In operation 160, stimulus is generated for each valid arc that can be formed using the state information in the second arc table (ST), as shown in table 8. In operation 170, the generated stimulus is applied to each valid arc and a result obtained is then used in characterizing the digital circuit.

FIG. 2 is a timing diagram 200 illustrating stimulus generation for an input pin with value P, according to one embodiment. In the example embodiment illustrated in FIG. 2, the timing diagram 200 illustrates an exemplary scheme of stimulus generation and measurement for an input pin with a value P.

FIG. 3 is a timing diagram 300 illustrating stimulus generation for an input pin with value N, according to one embodiment. In the example embodiment illustrated in FIG. 3, the timing diagram 300 illustrates an exemplary scheme of stimulus generation and measurement for an input pin with a value N.

The stimulus generation for an input pin with values P and N illustrated in the timing diagram of FIGS. 2 and 3 is explained below with respect to the second arc table (ST) (i.e., table 8). From the second arc table (ST) as shown in table 8, it can be observed that, for a particular input pin if more than one state exists in the ST, then each of these states constitutes a valid state for that timing arc.

For each entry in the second arc table (ST), the following interpretation holds good:

    • An input pin is identified by a P or an N against it.
    • For an identified input pin, if there is more than one entry in the ST, then each of these entries constitutes a state for the timing arc from that input pin to the output pin. Consequently for these timing arcs, the liberty model will have ‘when’ and ‘sdf_cond’ entries against them.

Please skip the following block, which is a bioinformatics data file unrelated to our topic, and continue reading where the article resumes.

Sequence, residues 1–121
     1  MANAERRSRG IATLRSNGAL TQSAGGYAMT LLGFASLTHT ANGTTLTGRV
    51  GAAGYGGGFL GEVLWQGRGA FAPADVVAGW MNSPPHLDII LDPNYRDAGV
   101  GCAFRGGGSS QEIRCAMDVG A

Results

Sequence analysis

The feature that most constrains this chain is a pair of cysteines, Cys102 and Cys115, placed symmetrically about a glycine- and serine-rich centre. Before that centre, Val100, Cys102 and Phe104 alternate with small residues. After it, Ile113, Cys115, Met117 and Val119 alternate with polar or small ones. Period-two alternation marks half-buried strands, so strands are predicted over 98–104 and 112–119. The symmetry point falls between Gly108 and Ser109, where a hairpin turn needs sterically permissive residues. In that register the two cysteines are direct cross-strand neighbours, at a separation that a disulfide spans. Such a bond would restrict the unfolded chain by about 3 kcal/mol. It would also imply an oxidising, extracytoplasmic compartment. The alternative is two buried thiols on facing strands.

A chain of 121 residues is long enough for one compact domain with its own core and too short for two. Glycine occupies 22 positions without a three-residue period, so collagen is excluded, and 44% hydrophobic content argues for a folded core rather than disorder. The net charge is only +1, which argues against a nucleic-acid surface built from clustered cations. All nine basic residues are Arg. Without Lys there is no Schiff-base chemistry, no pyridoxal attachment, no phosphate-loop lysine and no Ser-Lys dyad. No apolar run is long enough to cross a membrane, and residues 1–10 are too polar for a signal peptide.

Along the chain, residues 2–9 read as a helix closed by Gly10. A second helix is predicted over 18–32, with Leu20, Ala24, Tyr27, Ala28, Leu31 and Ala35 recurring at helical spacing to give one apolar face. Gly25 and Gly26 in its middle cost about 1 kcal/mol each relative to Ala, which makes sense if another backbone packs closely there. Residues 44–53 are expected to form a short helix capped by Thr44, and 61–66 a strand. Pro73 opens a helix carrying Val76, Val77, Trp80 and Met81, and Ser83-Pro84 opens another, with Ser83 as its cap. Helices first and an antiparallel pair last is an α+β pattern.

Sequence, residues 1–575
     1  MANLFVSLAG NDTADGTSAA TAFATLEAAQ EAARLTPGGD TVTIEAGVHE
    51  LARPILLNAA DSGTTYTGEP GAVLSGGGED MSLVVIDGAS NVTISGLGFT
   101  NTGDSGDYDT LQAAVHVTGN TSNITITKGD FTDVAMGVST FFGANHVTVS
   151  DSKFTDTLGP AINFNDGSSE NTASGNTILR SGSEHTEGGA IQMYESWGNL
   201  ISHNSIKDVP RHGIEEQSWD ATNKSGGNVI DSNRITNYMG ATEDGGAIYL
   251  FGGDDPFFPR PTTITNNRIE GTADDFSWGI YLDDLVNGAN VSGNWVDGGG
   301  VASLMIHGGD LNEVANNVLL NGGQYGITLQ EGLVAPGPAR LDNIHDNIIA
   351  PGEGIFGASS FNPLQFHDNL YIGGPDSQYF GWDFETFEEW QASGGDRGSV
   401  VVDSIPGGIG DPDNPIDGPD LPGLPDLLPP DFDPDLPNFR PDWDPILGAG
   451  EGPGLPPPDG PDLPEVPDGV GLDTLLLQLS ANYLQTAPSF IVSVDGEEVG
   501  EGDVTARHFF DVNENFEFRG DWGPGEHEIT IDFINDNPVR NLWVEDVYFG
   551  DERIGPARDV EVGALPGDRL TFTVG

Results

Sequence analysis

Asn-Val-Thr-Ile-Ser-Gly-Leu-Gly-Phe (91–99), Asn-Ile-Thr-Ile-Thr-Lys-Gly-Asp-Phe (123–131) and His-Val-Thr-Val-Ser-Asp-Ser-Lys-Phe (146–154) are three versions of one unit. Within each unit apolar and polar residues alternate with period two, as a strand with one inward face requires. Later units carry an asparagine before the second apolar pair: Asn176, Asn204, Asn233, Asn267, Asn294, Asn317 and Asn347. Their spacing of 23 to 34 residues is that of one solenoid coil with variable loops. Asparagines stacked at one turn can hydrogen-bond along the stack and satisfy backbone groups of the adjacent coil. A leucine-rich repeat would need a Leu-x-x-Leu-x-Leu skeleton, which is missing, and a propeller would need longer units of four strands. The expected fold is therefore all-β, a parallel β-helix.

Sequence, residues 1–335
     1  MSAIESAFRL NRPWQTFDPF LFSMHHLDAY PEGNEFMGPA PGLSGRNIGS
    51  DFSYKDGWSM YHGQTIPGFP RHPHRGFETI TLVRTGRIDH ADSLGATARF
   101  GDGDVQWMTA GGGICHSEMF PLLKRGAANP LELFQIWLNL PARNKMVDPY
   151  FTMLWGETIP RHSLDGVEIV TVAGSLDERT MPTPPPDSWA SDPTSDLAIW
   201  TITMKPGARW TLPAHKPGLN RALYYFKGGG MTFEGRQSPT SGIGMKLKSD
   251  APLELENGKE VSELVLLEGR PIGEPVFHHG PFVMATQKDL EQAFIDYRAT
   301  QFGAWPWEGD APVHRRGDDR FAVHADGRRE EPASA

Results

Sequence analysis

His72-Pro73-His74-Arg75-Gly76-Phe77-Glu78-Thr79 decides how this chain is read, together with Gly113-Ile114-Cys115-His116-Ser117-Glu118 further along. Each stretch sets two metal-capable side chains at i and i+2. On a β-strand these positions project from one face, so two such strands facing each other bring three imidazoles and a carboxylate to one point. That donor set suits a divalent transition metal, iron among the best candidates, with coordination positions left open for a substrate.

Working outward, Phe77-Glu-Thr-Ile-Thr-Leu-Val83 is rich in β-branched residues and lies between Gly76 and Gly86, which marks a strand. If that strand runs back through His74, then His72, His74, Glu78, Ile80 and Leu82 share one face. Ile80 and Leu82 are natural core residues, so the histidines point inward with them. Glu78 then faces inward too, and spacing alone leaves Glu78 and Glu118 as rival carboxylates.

• For those pins which do not have multiple entries, there is only arc from that input pin to the output pin. Consequently the liberty model will not have ‘when’ or ‘sdf_cond’ entries against them.
    • For a timing arc, and states if any, (e.g., identified as per the above discussion), the relation between the input pin and the output pin is obtained from the entry corresponding to the input pin in the ST. This forms the basis for stimulus generation and measurement.
    • If the entry for an input pin is P, then an input transition from 0 to 1 causes a change at the output from 0 to 1. Similarly, an input transition from 1 to 0 causes an output transition from 1 to 0.
    • If the entry for an input pin is N, then an input transition from 0 to 1 causes a change at the output from 1 to 0. Similarly, an input transition from 1 to 0 causes an output transition from 0 to 1.

From the above interpretation, for any timing arc and states associated with it, the stimulus generation and measurement may be done in any convenient manner. A possible method for the input pins identified by a P entry (e.g., as illustrated in FIG. 2) or an N entry (e.g., as illustrated in FIG. 3) is explained below:

    • Consider the variables, Ts, Tinitial, Tsteady, Tfinal that represent the input slew, the time from the beginning of simulation to the first input transition, the time from the first transition to the second transition and the time from the second transition to the end of simulation respectively.
    • The input pin is assumed to be at 0 at the beginning of the simulation. First transition from 0 to 1 occurs at Tinitial and second transition from 1 to 0 occurs at Tinitial+Ts+Tsteady. The simulation is completed at Tinitial+Ts+Tsteady+Ts+Tfinal.
    • For an input pin with value P (e.g., as illustrated in FIG. 2), the rise_transition (tr) and cell_rise (tplh) are measured after Tinitial with a suitable window specified. Further, the fall_tranistion (tf) and cell_fall (tphl) are measured after Tinitial+Ts+Tsteady, again with a suitable window specified in FIG. 2.
    • For an input pin with value N (e.g., as illustrated in FIG. 3), the fall_transition (tf) and cell_fall (tphl) are measured after Tinitial with a suitable window specified. Further, the rise_tranistion (tr) and cell_rise (tpth) are measured after Tinitial+Ts+Tsteady, again with a suitable window specified in FIG. 3.